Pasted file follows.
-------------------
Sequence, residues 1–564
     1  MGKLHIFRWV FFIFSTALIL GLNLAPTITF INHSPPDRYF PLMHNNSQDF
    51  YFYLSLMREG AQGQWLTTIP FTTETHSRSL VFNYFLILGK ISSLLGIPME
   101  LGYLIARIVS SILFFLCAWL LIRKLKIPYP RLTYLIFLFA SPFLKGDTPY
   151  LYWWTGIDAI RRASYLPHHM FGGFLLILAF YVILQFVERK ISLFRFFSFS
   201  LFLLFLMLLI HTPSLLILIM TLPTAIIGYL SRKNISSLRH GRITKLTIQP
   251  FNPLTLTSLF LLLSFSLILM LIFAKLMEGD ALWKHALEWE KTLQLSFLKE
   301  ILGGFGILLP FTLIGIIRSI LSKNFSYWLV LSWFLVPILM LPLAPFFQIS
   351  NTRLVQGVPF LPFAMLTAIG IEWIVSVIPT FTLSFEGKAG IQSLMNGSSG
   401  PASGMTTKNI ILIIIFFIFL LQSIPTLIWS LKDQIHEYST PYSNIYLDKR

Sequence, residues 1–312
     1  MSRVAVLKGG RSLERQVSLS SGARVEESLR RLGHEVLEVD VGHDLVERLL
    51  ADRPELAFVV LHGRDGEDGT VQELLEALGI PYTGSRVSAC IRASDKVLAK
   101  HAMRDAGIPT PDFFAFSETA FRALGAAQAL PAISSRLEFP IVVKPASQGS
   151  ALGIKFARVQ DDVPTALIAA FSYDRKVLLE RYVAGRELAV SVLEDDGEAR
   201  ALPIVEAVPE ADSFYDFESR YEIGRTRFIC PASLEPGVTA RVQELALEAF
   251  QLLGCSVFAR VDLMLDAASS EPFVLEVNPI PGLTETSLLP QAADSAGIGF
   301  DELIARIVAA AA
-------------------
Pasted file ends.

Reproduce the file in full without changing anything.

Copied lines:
Sequence, residues 1–564
     1  MGKLHIFRWV FFIFSTALIL GLNLAPTITF INHSPPDRYF PLMHNNSQDF
    51  YFYLSLMREG AQGQWLTTIP FTTETHSRSL VFNYFLILGK ISSLLGIPME
   101  LGYLIARIVS SILFFLCAWL LIRKLKIPYP RLTYLIFLFA SPFLKGDTPY
   151  LYWWTGIDAI RRASYLPHHM FGGFLLILAF YVILQFVERK ISLFRFFSFS
   201  LFLLFLMLLI HTPSLLILIM TLPTAIIGYL SRKNISSLRH GRITKLTIQP
   251  FNPLTLTSLF LLLSFSLILM LIFAKLMEGD ALWKHALEWE KTLQLSFLKE
   301  ILGGFGILLP FTLIGIIRSI LSKNFSYWLV LSWFLVPILM LPLAPFFQIS
   351  NTRLVQGVPF LPFAMLTAIG IEWIVSVIPT FTLSFEGKAG IQSLMNGSSG
   401  PASGMTTKNI ILIIIFFIFL LQSIPTLIWS LKDQIHEYST PYSNIYLDKR

Sequence, residues 1–312
     1  MSRVAVLKGG RSLERQVSLS SGARVEESLR RLGHEVLEVD VGHDLVERLL
    51  ADRPELAFVV LHGRDGEDGT VQELLEALGI PYTGSRVSAC IRASDKVLAK
   101  HAMRDAGIPT PDFFAFSETA FRALGAAQAL PAISSRLEFP IVVKPASQGS
   151  ALGIKFARVQ DDVPTALIAA FSYDRKVLLE RYVAGRELAV SVLEDDGEAR
   201  ALPIVEAVPE ADSFYDFESR YEIGRTRFIC PASLEPGVTA RVQELALEAF
   251  QLLGCSVFAR VDLMLDAASS EPFVLEVNPI PGLTETSLLP QAADSAGIGF
   301  DELIARIVAA AA